Tet’s 30th anniversary presents a good opportunity to cut through the bodyguard of lies that distort that battle’s real significance. Tet’s 30th anniversary presents a good opportunity to cut through the bodyguard of lies that distort that battle’s real significance.
If the Vietnam War had a defining moment, it had to be the Tet Offensive of 1968. For today’s high school and college students, all of that war is ancient history, and even for those who lived through it, most of its battles have faded. But not Tet. Like Pearl Harbor or the Cuban missile crisis, it sticks in our collective memory. Unfortunately, however, much of what we “know” about Tet is actually part of the bodyguard of lies that has distorted its true meaning, leaving many veterans feeling guilty by association for the loss of the war.
The most enduring untruth about Tet is that it was the turning point of the war. In fact, as University of Rochester Professor John E. Mueller documented in War, Presidents and Public Opinion (Wiley), the American public actually turned against the war in October 1967, three months before Tet. When U.S. troops first went ashore in Vietnam in 1965, 61 percent of the American people approved and only 24 percent were opposed. A plurality continued to support the war, albeit in decreasing numbers, for the next 31 months, until October 1967, when for the first time more Americans opposed the distant war (46 percent) than approved of it (44 percent).
The decline was not due to the efforts of the anti-war movement, which, polls showed, was the most despised group in American society. American pragmatism was the cause of the decline. “Either win the damn thing or get the hell out,” was the public mood. After all the reassurance from the politicians and generals that all was well, Tet was the icing on the cake, proof positive that we did not know what we were doing. The perspicacity of the American people was confirmed by Clark Clifford when he took over as secretary of defense after Tet and found that three years into the ground war the Joint Chiefs of Staff still had no plan for victory.
That shortcoming is usually ascribed to ineptitude, but in this issue, Stephen B. Young claims that President Lyndon B. Johnson, following the lead of his predecessors, never subscribed to the goal of traditional victory and, in fact, had instructed his ambassador to Vietnam, Ellsworth Bunker, to work toward an eventual U.S. disengagement without losing the war (see story, P. 20). That, says Young, was achieved in the wake of the 1973 Paris Accords, but was then sabotaged by Congress and by the fecklessness of the Ford administration.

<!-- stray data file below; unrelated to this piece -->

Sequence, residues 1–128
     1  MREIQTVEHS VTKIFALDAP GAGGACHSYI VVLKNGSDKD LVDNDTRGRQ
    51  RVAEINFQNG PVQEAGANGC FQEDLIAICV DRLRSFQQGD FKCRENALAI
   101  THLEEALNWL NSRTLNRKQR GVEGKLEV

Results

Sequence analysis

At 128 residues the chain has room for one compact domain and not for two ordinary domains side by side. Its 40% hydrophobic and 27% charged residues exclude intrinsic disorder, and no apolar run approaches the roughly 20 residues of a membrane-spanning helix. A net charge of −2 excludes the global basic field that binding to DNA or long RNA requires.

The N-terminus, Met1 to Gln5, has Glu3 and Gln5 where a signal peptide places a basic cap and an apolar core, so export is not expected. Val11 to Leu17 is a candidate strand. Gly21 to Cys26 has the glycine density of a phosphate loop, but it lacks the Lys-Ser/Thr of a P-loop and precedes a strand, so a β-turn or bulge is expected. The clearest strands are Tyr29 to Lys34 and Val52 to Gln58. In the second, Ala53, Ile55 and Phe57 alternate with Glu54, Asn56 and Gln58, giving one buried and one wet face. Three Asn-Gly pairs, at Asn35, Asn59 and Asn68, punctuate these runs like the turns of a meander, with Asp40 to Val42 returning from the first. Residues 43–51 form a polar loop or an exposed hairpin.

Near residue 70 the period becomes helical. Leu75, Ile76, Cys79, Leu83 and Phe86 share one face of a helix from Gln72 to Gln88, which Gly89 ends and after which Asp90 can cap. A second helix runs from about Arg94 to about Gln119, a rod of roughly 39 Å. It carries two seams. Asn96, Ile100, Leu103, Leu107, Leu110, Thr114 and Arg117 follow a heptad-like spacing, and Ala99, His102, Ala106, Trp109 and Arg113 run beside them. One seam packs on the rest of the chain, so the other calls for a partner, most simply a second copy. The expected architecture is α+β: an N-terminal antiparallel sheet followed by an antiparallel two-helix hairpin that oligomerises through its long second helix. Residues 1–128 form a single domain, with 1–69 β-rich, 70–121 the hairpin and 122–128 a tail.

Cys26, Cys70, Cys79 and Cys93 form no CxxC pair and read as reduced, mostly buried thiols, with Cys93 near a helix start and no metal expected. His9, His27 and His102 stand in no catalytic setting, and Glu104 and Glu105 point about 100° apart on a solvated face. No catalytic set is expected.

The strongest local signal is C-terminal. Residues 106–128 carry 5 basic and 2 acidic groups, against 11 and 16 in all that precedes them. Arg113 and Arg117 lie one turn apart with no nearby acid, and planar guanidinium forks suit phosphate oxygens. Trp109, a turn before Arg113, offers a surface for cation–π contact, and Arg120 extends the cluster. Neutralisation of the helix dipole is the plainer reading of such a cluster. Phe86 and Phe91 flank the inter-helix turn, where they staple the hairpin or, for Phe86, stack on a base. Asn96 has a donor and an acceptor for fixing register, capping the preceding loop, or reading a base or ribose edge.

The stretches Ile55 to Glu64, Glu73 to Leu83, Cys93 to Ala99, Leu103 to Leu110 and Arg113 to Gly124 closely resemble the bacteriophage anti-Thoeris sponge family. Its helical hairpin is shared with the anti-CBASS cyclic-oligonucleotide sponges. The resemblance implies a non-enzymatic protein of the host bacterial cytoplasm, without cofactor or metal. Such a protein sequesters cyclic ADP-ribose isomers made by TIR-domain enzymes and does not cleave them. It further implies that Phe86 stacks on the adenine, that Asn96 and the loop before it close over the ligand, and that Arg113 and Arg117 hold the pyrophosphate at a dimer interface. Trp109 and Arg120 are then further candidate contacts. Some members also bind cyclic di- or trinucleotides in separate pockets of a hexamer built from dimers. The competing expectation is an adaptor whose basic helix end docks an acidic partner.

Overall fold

Competing myths about Tet claim that it was a defeat for the United States, countered by equally strident claims that it was a military victory. Those opposing views can be reconciled through the use of a military template, for military analysis looks at battlefield events on three distinct but interlocking levels.
First is the tactical or battlefield level. Second is the operational or theater-of-war level. Third is the strategic or political-military level. Victory at one level does not necessarily guarantee victory at a higher level. You may indeed win the battle but lose the war. This was brought home to me in Hanoi a week before the fall of Saigon. “You know you never beat us on the battlefield!” I said to my NVA counterpart. He thought about that a moment, then replied, “That may be so. But it’s also irrelevant.”
At the tactical and operational levels, Tet was an enormous victory for the United States and for the South Vietnamese government, especially when it came to winning the hearts and minds of the South Vietnamese people, the stated goal of our counterinsurgency warfare efforts. In his classic work Tet! (Da Capo), Washington Post war correspondent Don Oberdorfer made that clear. “There had been no General Uprising and nothing resembling the beginning of one,” he wrote. “Among the Vietnamese people, the battles had created doubts about Communist military power. The Liberation Army had attacked in the middle of the Tet truce when the South Vietnamese Army was on leave, and even so it had been able to achieve only temporary inroads. If the Communists were unable to take the cities with a surprise attack in such circumstances, they would probably be unable to do better at any other time.” It was the end of the Viet Cong guerrillas. By 1970, 70 percent of enemy forces in the field were NVA regulars.
But at the strategic level it was another matter entirely, as Peter Braestrup, another Washington Post war correspondent whose Big Story is reviewed in this issue, pointed out. Lyndon Johnson was “psychologically defeated” by Tet. Veterans need to stop blaming themselves, for if the commander-in-chief is defeated, the nation is defeated, no matter how well military forces in the field may have performed.
Colonel Harry G. Summers, Jr., Editor, Vietnam Magazine